The white above the top green bar lightens up the weight of the top of the page, although it does waste valuable space. I like to put some space below my footer, which lets people scroll the page up a bit and keeps the bottom edge of the footer off the bottom edge of the browser window.

That bottom green bar seems awfully tall, and that customer quote is in huge type, especially when you compare it to the company name. I feel most corporate websites should not run ads--but it could be an ad for their own stuff, so it works. Perhaps the green bar's height could be shrunk down to the height of the ad, and leave a bit of white below... that is, position the pot so it centered on the height of the bottom green bar.

Not sure what the gray boxes are for on the right. Pictures of their latest plants with links to catalog pages? To give the site some visual interest, how about making the text on the left about 55 to 60% of the page width and the gray boxes the remainder.

When making "typical" web page designs it's hard to imagine what the site would look like without having typical content to go with. Since Noble Designs is supposed to be real someday, maybe think up some content for that site and use it to illustrate your typical designs. Some pages are insanely short, some seem to go on forever. Some need lots of pics, some need none. Some have freeform information, some have lots of little fiddly bits best placed into the structure of a table. Some are pure corporate, some are loaded with 3rd party ads. The result is that one pretty layout cannot possibly fit all.

I'm not a potential client of any website designers--I like to roll my own. But if I were looking over a designer's portfolio I'd be far more impressed by seeing how each design works with a variety of pages than simply flipping through a slide show of home pages.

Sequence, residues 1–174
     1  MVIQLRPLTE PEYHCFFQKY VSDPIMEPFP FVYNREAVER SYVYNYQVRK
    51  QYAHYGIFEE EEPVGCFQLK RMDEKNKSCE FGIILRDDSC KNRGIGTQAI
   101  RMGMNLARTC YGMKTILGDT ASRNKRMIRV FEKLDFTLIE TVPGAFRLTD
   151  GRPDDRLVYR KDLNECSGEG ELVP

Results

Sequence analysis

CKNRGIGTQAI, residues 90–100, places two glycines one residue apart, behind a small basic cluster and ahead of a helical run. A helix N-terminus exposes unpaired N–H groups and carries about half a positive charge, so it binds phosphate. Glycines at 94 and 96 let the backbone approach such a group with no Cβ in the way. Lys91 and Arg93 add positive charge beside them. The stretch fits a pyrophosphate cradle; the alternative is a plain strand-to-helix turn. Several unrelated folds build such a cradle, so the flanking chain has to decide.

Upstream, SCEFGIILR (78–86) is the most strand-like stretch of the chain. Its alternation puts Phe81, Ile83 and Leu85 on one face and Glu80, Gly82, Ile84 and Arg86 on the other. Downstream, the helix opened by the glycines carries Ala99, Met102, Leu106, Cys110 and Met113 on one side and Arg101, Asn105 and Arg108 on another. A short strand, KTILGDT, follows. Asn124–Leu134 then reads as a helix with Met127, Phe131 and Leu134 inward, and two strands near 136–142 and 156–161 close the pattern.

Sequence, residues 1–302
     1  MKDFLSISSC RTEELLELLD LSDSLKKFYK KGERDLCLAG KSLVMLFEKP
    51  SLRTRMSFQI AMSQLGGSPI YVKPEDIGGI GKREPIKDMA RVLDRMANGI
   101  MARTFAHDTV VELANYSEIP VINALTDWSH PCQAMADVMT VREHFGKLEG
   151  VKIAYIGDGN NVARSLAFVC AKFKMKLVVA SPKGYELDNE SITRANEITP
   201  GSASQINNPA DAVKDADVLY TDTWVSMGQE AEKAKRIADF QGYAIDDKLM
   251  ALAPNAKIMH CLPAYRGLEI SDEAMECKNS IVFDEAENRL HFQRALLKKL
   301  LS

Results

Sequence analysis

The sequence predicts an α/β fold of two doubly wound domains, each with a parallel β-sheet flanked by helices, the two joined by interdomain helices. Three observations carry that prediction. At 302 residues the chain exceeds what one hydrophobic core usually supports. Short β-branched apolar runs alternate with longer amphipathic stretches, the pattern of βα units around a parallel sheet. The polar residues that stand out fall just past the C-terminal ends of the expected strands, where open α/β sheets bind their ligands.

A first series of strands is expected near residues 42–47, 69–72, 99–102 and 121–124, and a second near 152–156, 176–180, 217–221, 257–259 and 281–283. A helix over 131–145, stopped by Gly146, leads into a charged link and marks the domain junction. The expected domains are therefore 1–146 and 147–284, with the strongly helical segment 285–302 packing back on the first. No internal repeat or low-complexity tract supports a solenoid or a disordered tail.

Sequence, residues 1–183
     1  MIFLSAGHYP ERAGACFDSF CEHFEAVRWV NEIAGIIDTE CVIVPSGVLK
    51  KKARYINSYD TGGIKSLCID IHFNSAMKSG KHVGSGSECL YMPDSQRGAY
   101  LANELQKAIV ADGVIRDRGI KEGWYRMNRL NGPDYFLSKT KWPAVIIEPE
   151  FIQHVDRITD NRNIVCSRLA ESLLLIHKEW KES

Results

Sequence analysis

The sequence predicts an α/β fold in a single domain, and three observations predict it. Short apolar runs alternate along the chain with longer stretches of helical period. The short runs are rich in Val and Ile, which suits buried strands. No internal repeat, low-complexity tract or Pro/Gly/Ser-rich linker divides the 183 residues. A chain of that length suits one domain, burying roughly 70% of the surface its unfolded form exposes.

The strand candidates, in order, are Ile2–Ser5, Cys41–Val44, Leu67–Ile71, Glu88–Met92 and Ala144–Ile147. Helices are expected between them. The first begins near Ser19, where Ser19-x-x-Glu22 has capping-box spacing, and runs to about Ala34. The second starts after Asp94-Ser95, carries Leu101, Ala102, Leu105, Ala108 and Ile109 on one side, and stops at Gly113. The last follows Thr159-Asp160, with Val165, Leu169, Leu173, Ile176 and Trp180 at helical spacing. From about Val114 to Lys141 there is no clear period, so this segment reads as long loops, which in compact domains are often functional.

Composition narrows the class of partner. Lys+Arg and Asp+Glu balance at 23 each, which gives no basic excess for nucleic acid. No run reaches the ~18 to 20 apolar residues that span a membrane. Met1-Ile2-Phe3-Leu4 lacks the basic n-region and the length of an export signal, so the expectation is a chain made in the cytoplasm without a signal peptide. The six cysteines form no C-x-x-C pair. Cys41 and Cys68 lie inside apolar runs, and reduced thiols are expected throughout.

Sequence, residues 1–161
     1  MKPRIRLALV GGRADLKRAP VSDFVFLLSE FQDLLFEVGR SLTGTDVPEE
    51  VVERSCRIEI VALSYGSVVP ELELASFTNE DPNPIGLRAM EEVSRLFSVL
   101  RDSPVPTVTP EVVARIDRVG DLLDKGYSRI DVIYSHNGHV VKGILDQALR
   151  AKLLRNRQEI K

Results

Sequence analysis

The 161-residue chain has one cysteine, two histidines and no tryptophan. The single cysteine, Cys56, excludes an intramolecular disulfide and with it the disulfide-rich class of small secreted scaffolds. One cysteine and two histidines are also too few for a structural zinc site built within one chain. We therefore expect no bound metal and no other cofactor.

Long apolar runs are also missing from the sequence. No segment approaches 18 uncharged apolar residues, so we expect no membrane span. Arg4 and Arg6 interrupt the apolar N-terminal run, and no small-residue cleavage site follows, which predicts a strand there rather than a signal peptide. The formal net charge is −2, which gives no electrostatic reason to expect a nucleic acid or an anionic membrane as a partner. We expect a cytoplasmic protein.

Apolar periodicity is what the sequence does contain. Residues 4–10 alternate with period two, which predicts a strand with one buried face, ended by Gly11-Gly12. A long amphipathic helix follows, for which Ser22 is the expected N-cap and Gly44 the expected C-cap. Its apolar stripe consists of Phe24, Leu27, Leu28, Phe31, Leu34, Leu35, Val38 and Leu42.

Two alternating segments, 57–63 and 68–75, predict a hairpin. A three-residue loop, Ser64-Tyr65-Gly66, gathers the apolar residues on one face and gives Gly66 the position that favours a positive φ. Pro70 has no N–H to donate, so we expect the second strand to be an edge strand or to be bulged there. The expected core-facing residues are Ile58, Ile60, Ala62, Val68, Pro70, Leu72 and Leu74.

Hope there's something you can use.
Reply
:iconusernamedesired:
usernamedesired Featured By Owner Aug 2, 2008
Awesome, very clean, crisp, and professional looking :D
On the quote in the green bar on the bottom, there shouldn't be an apostrophe in "plant's", it should just be "plants." I don't know if it matters or not, but since it's for your college portfolio I thought I'd tell you just it case.
Reply
:icona-lady-writing:
A-Lady-Writing Featured By Owner Aug 2, 2008
this is nice, it has a nice 'clean' and 'fresh' feeling to it.

beautifully done.

Cheers!

[A-Lady-Writing] :phae:

feel free to check out my gallery! :gallery:
Reply
:iconblade6420:
Blade6420 Featured By Owner Aug 2, 2008
If someone hasn't mention this, I suppose I'll point it out now. "plant's" in the footer testimonial should be "plants". Other than that, very clean cut, but the texture behind the plant at the bottom is a bit distracting. Effective colour scheme though.

Congrats on the DD. :nod:
Reply
:iconpickle:
pickle Featured By Owner Aug 2, 2008  Professional Interface Designer
Glad to see I wasn't the only one to catch that.
Reply
:iconkip0130:
Kip0130 Featured By Owner Aug 2, 2008
thanks :) I work on these at night so my punctuation isn't the best.
Reply
:iconarcticphoenixstudios:
arcticphoenixstudios Featured By Owner Aug 2, 2008  Professional General Artist
I find it amusing that you put the history of Lorem Ipsum there in place of the "traditional" text. Though, I will add that doing that can pose a risk as anything that is readable will likely be read and may detract from your design, which in a portfolio, is not necessarily what you want, hence the use of loop lines in manually created mock ups.
Reply
:iconkip0130:
Kip0130 Featured By Owner Aug 2, 2008
Yes that is true I do that because if i use too much Lipsum I go nuts , my layer pallet says Lorem ipsum so i don't know what I'm moving around. But the portfolio submission has Lipsum in it :)
Reply
:iconarcticphoenixstudios:
arcticphoenixstudios Featured By Owner Aug 2, 2008  Professional General Artist
*lol* Aye. I could see that.